IDA reminds US, Japanese business chiefs: 'We're in Europe, not UK'
American and Japanese executives potentially confused that Ireland might be exiting the EU are being targeted with a new €1m IDA video campaign saying: "Make Ireland your European home, because this is where Europe's heart is."
The IDA unveiled the marketing campaign yesterday as it published mid-year results showing it has secured 13,500 new jobs at 140 locations so far this year, up 19pc from the first half of 2018, and forecast strong growth through 2019 - but with a risk of Brexit-related disruption thereafter.
IDA chief executive Martin Shanahan warned that the Brexit debate had sown confusion among potential investors, especially in Asia but also in US corporate circles, that Ireland would soon leave the EU or face British barriers to trading with its EU partners.
"Ireland is so aligned with the UK and so much of the discussion internationally around Brexit has been related to its potential impact on Ireland, on the Border, on the backstop," Mr Shanahan said.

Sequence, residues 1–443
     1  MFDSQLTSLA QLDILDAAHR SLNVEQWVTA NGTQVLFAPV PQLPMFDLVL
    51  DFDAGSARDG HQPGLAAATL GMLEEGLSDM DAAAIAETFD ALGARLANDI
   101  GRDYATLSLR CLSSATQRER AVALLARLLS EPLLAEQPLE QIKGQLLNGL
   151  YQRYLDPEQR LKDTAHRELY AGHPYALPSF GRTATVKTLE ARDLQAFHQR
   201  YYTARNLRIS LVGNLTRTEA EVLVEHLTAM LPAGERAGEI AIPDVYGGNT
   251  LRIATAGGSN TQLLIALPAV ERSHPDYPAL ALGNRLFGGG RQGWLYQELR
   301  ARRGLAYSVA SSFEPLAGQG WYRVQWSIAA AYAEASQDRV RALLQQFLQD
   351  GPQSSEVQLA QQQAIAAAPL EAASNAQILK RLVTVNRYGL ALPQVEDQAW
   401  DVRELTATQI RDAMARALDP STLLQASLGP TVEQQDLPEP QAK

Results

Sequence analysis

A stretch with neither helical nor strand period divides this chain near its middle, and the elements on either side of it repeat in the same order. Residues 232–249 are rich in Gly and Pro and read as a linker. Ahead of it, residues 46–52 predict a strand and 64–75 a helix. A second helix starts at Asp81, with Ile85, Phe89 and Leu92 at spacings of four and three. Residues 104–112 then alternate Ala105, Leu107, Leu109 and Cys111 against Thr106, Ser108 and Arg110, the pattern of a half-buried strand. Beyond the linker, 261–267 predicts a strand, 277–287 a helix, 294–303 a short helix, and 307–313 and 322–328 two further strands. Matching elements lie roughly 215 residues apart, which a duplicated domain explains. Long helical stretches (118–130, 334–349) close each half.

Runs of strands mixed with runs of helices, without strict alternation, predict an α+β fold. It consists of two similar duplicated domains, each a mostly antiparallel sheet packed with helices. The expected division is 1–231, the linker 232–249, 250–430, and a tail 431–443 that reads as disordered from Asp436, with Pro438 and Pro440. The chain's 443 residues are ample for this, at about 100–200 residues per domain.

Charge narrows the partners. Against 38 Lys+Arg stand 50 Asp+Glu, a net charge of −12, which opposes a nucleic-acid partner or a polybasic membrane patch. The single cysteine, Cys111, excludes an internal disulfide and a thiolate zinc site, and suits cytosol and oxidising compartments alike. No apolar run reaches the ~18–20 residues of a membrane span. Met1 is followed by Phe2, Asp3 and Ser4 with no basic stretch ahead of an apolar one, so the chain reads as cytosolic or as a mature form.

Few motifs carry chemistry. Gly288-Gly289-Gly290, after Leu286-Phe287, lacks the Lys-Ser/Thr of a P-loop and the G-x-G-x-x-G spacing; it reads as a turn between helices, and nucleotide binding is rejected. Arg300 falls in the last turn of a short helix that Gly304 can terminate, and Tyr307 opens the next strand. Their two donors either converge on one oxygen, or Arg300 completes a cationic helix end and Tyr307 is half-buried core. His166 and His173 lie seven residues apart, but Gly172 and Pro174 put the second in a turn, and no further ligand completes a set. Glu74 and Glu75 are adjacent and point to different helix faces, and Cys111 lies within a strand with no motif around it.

"We feel it's necessary to underline internationally Ireland's continued commitment to the EU, the fact that we will be staying in the EU and that we will be at the heart of the EU."
The 20-second IDA video uses programmatic online ad technology to target chief executives and other corporate decision-makers in Japan and the USA viewing financial news sites such as 'The Economist', CNBC, Bloomberg and the 'Wall Street Journal'. The five-week campaign includes print ads in the 'New York Times', 'Bloomberg Businessweek' and, in Japan, the 'Yomiuri Shimbun' newspaper and Nikkei financial publications.
The video declares alongside a montage of images of Ireland tech hubs and fresh-faced workers: "This is the fastest-growing economy in the eurozone. Young, business-focused, outward-facing, highly educated and English-speaking. Make Ireland your European home, because this is where Europe's heart is."
Mr Shanahan said the IDA intended to expand the campaign to other Asian markets in coming weeks.
Foreign confusion about Ireland's relationship to the UK is nothing new for Mr Shanahan, who in 2014 famously had to keep his cool on CNBC's financial flagship 'Squawk Box' as a commentator repeatedly asked him to explain why Ireland uses the euro, not the British pound.